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Koi Varieties

Tancho

The Tancho crane is a spectacular white waterfowl with a blood red crest and also the national bird of Japan.  Legend has it that these birds live for a thousand years and brings good fortune and longlivety.  Given the tendency of hi (red) markings to diminish or disappear, the koi keeper surely needs a bit of good fortune to raise the young Tancho to become a mature “finished” koi.  When selecting a young Tancho, it is therefore important to look for a koi with strong hi (red).

The name Tancho was originally given to a Kohaku that was completely white with the exception of a round red crest on the centre of the head.  Tancho generally consists of the big three varieties, namely Tancho Kohaku, Tancho Sanke and Tancho Showa with the single red head marking common to each.  It is important to note that Tancho appear by chance and cannot be planned into a breeding programme.  There is as much chance of breeding a Tancho when breeding two Kohaku as there is by breeding two Tancho Kohaku.

When selecting a Tancho, look for a koi that has strong hi on the head only.  The head marking should be as large as possible with a circular shape being the ideal.  This marking should lie in the centre of the head without encroaching onto the eyes or extending too far towards the nose or too far back towards the shoulders.  Also avoid a Tancho marking with a white “window” in the hi (red).  This is a sure sign that the Tancho marking will change shape or disappear.

Nowadays the standard has relaxed considerably with oval, diamond, heart, cross or flower shaped markings regarded as quite acceptable.  Regardless how perfect the shape of the Tancho marking, the koi will not be considered as a potential show winner if the other criteria of body shape, skin quality etc. is not adhered to.

The criteria for a Tancho are exactly the criteria set for the variety.  The only exception is that the only hi marking on the fish should be the Tancho marking.  If there is for example, any other hi marking on the body or lips of a Tancho Kohaku, it will be regarded as a Kohaku with a poor pattern.  When selecting a Tancho Kohaku, remember that the white body must be flawless with excellent skin quality.  When selecting Tancho Sanke or Tancho Showa the same criteria regarding sumi must be adhered to, as well as the sumi markings on the fins.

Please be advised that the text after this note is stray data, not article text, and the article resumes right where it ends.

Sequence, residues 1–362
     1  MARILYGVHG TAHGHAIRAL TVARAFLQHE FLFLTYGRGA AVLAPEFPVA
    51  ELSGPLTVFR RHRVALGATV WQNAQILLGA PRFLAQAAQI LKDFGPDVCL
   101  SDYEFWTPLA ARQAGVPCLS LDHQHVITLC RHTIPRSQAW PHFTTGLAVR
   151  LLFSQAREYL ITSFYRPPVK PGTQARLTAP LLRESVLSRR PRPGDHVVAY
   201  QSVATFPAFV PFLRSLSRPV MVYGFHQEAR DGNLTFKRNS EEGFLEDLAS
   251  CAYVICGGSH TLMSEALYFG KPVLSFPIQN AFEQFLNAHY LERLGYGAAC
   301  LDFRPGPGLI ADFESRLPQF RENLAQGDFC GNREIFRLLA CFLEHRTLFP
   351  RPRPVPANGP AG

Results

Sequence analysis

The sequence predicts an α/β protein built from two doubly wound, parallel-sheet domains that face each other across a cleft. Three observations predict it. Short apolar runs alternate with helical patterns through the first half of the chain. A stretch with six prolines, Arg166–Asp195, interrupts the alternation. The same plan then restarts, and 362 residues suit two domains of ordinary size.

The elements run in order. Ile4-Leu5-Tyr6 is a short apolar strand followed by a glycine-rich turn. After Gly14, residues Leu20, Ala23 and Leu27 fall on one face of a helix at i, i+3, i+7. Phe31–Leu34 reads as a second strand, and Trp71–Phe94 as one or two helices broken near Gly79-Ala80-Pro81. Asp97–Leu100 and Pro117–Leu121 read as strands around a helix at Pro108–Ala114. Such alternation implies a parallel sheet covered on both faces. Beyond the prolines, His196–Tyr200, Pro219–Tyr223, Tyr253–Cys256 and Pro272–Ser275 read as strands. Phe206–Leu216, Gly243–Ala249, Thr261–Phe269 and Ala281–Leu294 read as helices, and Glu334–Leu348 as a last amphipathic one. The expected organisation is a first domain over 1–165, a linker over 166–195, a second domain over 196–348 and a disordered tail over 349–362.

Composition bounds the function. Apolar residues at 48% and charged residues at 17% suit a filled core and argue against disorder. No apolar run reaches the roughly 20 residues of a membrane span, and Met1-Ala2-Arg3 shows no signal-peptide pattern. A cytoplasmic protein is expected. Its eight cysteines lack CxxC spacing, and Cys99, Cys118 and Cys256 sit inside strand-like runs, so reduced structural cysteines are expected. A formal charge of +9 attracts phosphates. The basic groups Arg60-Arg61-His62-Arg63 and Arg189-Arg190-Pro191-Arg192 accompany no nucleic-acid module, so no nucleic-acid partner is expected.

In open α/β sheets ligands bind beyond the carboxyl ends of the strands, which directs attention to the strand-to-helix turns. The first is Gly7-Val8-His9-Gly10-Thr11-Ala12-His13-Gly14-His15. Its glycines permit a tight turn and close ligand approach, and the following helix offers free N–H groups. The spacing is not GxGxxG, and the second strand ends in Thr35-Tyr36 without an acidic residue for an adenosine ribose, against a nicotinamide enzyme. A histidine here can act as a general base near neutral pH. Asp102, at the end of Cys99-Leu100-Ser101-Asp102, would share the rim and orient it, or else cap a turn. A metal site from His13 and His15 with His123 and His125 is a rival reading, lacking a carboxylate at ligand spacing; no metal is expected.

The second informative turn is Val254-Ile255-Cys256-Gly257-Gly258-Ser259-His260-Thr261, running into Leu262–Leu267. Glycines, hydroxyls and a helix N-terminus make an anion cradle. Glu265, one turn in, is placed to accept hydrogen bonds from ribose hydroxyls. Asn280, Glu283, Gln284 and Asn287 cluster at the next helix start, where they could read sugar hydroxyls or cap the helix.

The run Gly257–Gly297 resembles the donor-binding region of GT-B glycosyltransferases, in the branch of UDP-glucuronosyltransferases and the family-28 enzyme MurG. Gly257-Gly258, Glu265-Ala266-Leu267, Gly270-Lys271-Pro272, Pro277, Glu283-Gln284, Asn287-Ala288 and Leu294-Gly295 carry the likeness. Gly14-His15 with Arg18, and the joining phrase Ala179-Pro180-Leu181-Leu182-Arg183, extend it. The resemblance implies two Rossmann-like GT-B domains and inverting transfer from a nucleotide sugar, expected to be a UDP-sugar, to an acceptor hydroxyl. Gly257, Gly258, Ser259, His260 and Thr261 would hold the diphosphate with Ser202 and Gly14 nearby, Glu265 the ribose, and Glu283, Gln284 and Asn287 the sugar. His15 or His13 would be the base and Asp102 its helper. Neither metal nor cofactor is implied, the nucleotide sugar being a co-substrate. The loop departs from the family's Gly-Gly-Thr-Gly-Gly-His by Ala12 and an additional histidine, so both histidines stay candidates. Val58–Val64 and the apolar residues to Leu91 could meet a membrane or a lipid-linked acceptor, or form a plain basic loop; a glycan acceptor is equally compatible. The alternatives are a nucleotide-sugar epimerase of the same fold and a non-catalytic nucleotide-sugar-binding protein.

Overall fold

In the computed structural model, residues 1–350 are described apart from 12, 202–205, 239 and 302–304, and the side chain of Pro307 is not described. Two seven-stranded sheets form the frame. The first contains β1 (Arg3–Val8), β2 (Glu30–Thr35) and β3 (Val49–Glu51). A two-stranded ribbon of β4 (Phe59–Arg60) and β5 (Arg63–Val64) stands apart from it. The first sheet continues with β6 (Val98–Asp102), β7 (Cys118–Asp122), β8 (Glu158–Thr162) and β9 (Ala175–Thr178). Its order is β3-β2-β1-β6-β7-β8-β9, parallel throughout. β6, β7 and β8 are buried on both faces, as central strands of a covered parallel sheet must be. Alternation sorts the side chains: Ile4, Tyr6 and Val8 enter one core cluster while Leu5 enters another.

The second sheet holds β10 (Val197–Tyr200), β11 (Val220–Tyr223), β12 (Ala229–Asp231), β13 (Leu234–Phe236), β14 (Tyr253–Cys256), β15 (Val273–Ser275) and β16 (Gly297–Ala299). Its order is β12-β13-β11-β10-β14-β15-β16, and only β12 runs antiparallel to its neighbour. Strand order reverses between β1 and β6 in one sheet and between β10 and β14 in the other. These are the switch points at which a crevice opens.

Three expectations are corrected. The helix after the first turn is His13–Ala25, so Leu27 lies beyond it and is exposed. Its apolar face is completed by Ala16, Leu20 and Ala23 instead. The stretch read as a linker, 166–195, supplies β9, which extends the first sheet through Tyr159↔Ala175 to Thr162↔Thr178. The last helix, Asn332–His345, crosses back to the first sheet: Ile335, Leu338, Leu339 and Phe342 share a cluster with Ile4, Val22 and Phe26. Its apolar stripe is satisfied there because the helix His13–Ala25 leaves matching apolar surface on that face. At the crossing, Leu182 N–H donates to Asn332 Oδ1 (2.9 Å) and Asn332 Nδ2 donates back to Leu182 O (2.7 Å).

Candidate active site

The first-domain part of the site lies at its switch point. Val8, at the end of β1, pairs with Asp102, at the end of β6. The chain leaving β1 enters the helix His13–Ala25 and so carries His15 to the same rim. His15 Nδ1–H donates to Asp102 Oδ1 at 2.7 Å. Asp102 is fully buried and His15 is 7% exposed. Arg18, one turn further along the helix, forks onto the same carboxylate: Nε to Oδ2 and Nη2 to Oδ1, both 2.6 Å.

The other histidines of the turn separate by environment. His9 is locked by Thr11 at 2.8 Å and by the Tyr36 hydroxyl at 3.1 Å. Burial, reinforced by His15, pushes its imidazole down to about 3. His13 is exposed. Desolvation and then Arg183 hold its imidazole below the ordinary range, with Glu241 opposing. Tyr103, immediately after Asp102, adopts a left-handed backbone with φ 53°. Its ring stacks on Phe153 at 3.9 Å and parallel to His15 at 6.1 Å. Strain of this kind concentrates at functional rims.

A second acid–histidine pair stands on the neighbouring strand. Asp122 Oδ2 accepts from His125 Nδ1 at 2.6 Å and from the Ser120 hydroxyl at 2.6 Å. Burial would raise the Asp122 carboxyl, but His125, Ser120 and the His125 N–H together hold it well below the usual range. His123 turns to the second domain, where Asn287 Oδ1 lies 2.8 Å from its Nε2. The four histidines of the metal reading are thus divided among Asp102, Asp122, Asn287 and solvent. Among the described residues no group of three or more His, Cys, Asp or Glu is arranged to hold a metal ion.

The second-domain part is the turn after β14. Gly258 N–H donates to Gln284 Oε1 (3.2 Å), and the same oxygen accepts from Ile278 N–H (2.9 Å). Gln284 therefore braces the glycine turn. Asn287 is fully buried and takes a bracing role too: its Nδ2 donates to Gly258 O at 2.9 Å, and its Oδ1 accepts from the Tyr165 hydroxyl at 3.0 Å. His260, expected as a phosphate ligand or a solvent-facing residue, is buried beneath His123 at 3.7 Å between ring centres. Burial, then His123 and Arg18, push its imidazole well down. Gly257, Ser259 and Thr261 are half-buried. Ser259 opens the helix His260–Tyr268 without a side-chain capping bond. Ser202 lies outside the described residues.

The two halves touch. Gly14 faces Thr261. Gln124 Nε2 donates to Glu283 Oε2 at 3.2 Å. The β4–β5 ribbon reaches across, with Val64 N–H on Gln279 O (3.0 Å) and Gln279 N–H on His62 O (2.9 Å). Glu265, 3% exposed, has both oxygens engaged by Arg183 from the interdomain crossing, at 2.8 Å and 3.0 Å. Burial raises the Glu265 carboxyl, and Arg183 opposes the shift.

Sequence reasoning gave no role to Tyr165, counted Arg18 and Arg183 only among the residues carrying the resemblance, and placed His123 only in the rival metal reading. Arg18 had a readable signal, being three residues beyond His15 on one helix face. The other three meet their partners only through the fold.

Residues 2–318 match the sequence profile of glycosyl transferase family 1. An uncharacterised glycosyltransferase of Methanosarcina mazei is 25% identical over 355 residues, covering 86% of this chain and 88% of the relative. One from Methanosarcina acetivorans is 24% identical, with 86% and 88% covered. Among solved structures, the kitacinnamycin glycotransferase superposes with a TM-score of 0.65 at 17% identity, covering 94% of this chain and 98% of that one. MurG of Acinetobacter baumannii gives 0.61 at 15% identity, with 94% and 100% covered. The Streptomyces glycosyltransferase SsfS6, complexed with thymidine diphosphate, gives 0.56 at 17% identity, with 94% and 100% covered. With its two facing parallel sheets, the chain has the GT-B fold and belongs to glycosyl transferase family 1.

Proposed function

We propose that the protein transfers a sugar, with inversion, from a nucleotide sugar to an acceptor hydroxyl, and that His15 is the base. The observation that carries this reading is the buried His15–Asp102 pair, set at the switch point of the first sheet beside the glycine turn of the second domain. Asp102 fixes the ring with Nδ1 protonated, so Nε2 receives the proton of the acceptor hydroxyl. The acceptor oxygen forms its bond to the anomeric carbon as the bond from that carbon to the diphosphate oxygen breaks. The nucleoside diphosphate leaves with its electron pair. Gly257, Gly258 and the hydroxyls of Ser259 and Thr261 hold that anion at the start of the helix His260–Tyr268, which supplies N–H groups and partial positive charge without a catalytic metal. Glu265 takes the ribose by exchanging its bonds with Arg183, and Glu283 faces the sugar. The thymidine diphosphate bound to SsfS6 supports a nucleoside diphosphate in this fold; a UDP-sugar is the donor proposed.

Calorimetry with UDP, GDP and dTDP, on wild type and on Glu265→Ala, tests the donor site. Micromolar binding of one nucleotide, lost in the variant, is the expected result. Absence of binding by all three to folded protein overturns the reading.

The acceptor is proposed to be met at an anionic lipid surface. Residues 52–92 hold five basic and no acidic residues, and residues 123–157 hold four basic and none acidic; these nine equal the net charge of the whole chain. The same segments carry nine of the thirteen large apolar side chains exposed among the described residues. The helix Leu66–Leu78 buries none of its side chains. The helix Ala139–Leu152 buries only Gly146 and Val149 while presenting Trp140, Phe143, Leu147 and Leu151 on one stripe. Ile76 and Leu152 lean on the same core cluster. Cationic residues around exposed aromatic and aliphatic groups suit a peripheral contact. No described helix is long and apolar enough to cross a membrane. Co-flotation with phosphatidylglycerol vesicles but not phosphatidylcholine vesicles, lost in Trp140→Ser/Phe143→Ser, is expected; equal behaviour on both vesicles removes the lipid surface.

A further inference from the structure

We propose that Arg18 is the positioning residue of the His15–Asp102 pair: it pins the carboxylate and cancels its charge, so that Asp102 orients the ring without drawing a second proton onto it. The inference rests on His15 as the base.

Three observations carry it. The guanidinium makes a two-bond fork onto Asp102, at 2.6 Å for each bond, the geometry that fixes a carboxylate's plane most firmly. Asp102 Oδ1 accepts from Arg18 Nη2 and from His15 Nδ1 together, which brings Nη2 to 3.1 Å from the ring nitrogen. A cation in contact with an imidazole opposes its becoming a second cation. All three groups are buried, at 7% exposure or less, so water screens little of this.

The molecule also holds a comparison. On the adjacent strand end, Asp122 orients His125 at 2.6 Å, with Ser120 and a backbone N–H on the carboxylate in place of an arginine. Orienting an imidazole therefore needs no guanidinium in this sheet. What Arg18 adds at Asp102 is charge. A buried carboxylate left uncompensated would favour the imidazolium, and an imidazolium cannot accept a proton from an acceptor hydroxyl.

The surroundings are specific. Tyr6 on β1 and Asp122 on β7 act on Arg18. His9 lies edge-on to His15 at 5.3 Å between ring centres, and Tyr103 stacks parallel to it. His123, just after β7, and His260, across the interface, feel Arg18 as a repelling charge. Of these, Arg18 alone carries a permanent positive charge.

Remember, when considering Tancho Sanke and Tancho Showa, it is a black and white fish with a Tancho marking.  The novice frequently refers to them as Tancho Bekko and Tancho Utsuri.  They cannot be further from the truth.  Both the Bekko and Utsuri are two-coloured koi with no hi.  You will frequently encounter normal Kohaku Showa and Sanke with a nicely balanced pattern augmented by a perfect round head marking.  These fish are known as Maruten Kohaku, Showa and Sanke.

Only representatives of the big three are true Tancho.  May other varieties can be seen with perfect round markings on the head, but they will compete in their normal variety classes. Overall, the Tancho is a sought after fish and adds a bit of variety to the pond.  A good Tancho Showa is rare but can be most striking.

Recently when I browsed through prominent books and magazines, I saw photos of “rare Kin Tancho Gin Matsuba”.  To me it looked like “Tancho” Kujaku.  Maybe someone out there with knowledge will be kind enough to explain the difference and I will post it here.



vis_jan_2009_047  tavcho_kohaku

Young Tancho Showa                                                                                        Young Gin Rin Tancho Kohaku



Updated 19 January 2010

Last Updated on Friday, 20 December 2013 12:10